The Advent wreath takes me back to my childhood. When I was in Catholic school, every year, on the first Art day after thanksgiving, out came the green, purple and pink construction and the jars of paste--remember those? We carefully constructed our wreathes, adding the three purple candles and one pink--purple for penitence and pink for the third Sunday- pink for rejoicing because we were getting close to the celebration and rejoicing. We carefully drew our flames and cut them out, and pasted one onto the first candle. Our wreathes had a prominent place on our house, and we carefully and reverently "lit" a candle every Sunday until Christmas.
I bought this itty bitty sewing machine specifically for sewing on paper. I do have a "real" Singer machine, and have had for 30 odd years, but it's spent the last decade in the bottom of the closet, but in my present locale, there is absolutely NO space for a studio room , and this tiny , cheerfully noisy little beauty will fit on my bookshelf.
Here's what I've been doing the last few days.
Now, if I can just find my mail art address book........
Watercolor paper covered with washi tape, then gessoed, collaged with newspaper and printed paper napkins. next a stencil I made of women holding hands, and then a jelly roll pen for the scribbles and words.
Oh Lord if you're listening, you know I'm no Christian And I ain't got much coming to me So send down some sunshine, throw out your lifeline And keep me from blowing away Oh lord if you hear me, touch me and hold me And keep me from blowing away
"...captures an electric personality with psychological acuity while capturing the freewheeling atmosphere of America in the turbulent years following World War I. After "Renascence" was published (when she was only 20) and she moved to Greenwich Village, Millay was the queen of bohemia, taking lovers with zest and voicing the reckless gaiety of a generation in her famous lyric, "My candle burns at both ends; / It will not last the night; / But, ah, my foes, and, oh, my friends-- / It gives a lovely light." With her flame-red hair, milk-white skin, and a voice that thrilled audiences (making her poetry readings a welcome source of income), Millay was the archetypal "new woman": powerful, passionate, and not to be ignored. But Milford makes it clear that her first loyalty was to her mother and sisters, and her deepest commitment to her writing. This juicy chronicle has famous names aplenty--critic Edmund Wilson and Masses editor Floyd Dell were among the men devastated by her refusal to be faithful--and lots of dissipation: Millay drank heavily and became addicted to morphine. It also takes a perceptive look at how an artist draws material from her life and at the strategies she uses to protect the wellsprings of creativity." (From a review of "Savage Beauty", a biography of Edna St Vincent Millay by Nancy Milford.)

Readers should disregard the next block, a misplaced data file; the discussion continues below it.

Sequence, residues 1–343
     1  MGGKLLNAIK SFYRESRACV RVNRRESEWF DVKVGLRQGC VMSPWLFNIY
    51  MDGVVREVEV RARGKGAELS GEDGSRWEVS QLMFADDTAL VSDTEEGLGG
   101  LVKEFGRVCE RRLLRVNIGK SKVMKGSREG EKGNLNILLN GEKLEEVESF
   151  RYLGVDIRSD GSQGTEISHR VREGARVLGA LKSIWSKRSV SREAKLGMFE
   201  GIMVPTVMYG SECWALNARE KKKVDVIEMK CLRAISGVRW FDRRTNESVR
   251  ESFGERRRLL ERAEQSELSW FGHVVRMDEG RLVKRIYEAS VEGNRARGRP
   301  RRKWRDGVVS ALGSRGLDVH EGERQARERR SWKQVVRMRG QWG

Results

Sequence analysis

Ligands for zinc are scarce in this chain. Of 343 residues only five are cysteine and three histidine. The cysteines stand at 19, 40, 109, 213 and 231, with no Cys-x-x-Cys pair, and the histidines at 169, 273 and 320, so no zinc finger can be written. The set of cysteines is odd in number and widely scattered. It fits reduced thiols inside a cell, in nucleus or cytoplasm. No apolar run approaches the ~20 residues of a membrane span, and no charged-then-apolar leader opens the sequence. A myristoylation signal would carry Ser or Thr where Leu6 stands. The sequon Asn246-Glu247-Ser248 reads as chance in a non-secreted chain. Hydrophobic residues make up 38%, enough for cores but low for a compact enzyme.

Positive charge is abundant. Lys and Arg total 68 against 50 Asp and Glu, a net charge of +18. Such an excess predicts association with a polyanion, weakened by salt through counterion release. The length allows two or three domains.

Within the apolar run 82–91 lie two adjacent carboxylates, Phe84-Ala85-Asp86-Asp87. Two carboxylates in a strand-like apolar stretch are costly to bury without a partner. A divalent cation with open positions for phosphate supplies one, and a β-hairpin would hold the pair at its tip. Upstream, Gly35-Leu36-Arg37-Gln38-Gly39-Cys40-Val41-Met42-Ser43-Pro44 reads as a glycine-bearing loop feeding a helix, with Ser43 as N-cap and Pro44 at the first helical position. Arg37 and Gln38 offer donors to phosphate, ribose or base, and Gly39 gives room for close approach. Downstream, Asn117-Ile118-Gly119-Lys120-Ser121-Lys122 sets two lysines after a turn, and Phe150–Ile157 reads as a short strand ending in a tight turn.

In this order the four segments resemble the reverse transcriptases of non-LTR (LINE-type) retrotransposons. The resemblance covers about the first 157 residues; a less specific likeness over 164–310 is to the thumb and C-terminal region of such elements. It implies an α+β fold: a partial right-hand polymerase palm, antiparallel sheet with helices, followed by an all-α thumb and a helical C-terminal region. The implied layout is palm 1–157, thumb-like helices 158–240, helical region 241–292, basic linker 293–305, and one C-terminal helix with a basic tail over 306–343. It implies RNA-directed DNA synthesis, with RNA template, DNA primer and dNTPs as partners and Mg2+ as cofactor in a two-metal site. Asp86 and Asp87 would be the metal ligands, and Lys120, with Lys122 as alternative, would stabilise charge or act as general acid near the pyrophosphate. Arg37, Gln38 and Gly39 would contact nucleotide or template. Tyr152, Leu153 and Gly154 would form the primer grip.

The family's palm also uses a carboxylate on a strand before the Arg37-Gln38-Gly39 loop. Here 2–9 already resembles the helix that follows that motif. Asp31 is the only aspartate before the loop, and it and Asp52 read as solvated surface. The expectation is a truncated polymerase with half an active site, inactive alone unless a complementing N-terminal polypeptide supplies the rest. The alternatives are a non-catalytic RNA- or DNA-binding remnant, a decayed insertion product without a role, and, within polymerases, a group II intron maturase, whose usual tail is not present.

Made this yesterday, but didn't get to post it. Another of the Strong Women series, Camille Claudel.
An older sister of poet, playwrigth and diplomat Paul Claudel, beautiful, talented Camille Claudel (1864-1943), at the age of 20, became mistress, model and collaborator of Auguste Rodin, who admired her sculpture and was influenced by it. When she broke with Rodin, who refused to marry her, she continued to sculpt, paint and exhibit. But in time, living in poverty and semi-obscurity, she destroyed some of her work, her friendships and family ties, and became "nothing more than an anxious shadow hiding in the recesses of her dark studio, asking only for silence and oblivion." In 1913, Paul Claudel had his reclusive, paranoid, now unattractive sister incarcerated, and she remained in sanatoriums for the rest of her life.
I was looking at ways to duplicate a gelli plate without the expense of buying one--I already spend WAY too much on art supplies, and really don't want the mess and storage of making one. I found a tutorial that uses a plastic sheet protector, the clear plastic type that goes n a 3 ring binder. I put an old magazine inside to give it a bit of padding, and have been making papers since yesterday. Not very good ones yet, but not bad either.
I made this small duck tape journal a few months ago It's made of scrapbook paper, with 20 6 x 6" pages. Since the other side of each page is blank white, I used the prints I made as backgrounds. Also magazine cutouts, washi tape,random words, jelly pen and sharpies. The lines on the pictures are white acrylic applied with a very dry brush.